You can date almost every character you encounter, and the final episode seems to suggest that there will be an option to date at least one additional character, if any future episodes are released. The cast is small, however, so you really can only choose between two males, two females, and two gender-neutral characters. That said, there is another option: you can also avoid the dating thing all together. While dating characters does unlock more dialogue and cutscenes, you’ll actually find a few conversations and even unique illustrations by going the ace route that you won’t see if you choose to pursue a romance line. The game definitely encourages you towards romances, but there are also assurances that it’s just fine to fly solo, if you continue to reject the less-than-subtle prompts to pick a character to romance up.
LongStory also seems to expect you to make certain choices the first time you play, and not following those left me a little confused and surprised my first playthrough. I did not trust nor want to befriend a certain character right from the start, and was confused when, several chapters in, my character kept talking about how this person was my first friend at my new school. This left me somewhat flabbergasted, as I’d only spoken to this character twice and had deliberately blown them off both times. At another point, I’d skipped the chance to meet up with the character I was trying to romance up in order to gain information on a missing character, and missed a scene where I discovered that my potential significant other was totally into theater, leaving me a bit surprised when they started quoting Shakespeare at me out of the blue.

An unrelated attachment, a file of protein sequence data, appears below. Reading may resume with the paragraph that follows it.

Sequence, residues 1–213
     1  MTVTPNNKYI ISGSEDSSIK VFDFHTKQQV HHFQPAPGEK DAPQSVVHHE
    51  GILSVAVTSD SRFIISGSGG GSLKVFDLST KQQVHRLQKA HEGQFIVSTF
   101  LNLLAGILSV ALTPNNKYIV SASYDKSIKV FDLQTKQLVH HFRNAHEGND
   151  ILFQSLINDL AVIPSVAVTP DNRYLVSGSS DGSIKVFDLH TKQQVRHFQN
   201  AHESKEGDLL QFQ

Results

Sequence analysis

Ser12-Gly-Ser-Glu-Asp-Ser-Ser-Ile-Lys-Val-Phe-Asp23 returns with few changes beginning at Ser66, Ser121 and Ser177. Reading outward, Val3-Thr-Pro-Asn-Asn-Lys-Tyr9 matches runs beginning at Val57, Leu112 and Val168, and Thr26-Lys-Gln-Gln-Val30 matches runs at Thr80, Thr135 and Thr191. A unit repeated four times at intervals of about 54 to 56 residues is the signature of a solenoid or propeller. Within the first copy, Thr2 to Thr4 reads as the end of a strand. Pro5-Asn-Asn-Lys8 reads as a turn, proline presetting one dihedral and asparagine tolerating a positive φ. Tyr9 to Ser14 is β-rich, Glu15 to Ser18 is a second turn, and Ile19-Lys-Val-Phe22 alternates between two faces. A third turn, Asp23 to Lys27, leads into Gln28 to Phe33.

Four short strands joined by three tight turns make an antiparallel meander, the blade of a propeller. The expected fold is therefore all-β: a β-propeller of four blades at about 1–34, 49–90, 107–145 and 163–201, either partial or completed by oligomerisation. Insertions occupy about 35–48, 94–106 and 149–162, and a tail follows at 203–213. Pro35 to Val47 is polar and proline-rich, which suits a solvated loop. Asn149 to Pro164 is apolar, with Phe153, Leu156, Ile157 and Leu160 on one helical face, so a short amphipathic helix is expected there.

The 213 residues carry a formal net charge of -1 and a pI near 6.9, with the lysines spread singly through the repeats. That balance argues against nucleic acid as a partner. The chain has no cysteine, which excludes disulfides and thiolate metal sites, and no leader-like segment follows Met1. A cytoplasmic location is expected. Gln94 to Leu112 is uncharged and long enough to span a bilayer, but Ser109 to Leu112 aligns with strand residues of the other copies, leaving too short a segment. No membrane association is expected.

The strangest quirk I found was the whole mindset of the final episode. Episode 8 takes place during summer break, and your whole group of friends has scattered, while one in particular has moved far away. My first playthrough I didn’t find this odd at all, as I was dating that character, and who wouldn’t InstaFaceGram (yep, that’s a thing in this game) stalk their now far away significant other? (or their recent ex, depending on how you played through things.) The second time through, however, I had decided I was in dire need of some sweet, sweet Turkey love, and was surprised to find that even though it was made clear that my character hasn’t been able to spend any time with Turkey all summer, they were still obsessively trying to talk to the recently-moved character, rather than their love bird.
Quirks aside, LongStory still tells a cute story about middle school romances, and some of the odd behaviors of characters within the game are just a little more believable if you remember that you’re supposed to be all of 14 years old.
LongStory is quite polished; the art style is charming, the cast is diverse, and the dialogue is pretty well written. The music is great, it even features a few songs with vocals, and I’ve caught myself humming the main theme, and even Turkey’s kazoo song, several times over the past few days. The main background score is a little short and used quite often, it’s not grating, but I did find myself focusing on it more than I would have liked. There is an occasional bug in the Switch version where the text will randomly not advance. The good news is that it’s resolved by pressing the + button to open the menu, then resuming the game.
LongStory is a charming, innocent little dating sim set in middle school and focused on helping equip younger audiences to communicate and work through dating and social issues in the modern world. It also does a pretty decent job of telling an entertaining story for those of us who left school well before the he/she/they conversations came anywhere near the mainstream social consciousness. The story builds on itself quite well for several chapters, is touching at some moments, and zany, over-the-top, and dramatic at others, just how I remember middle school to be. It’s full of great music, a diverse cast, and is actually cheaper to buy on the Switch than it is on Steam. It’s an enjoyable little dating game, for those who don’t mind a more chaste approach to romance.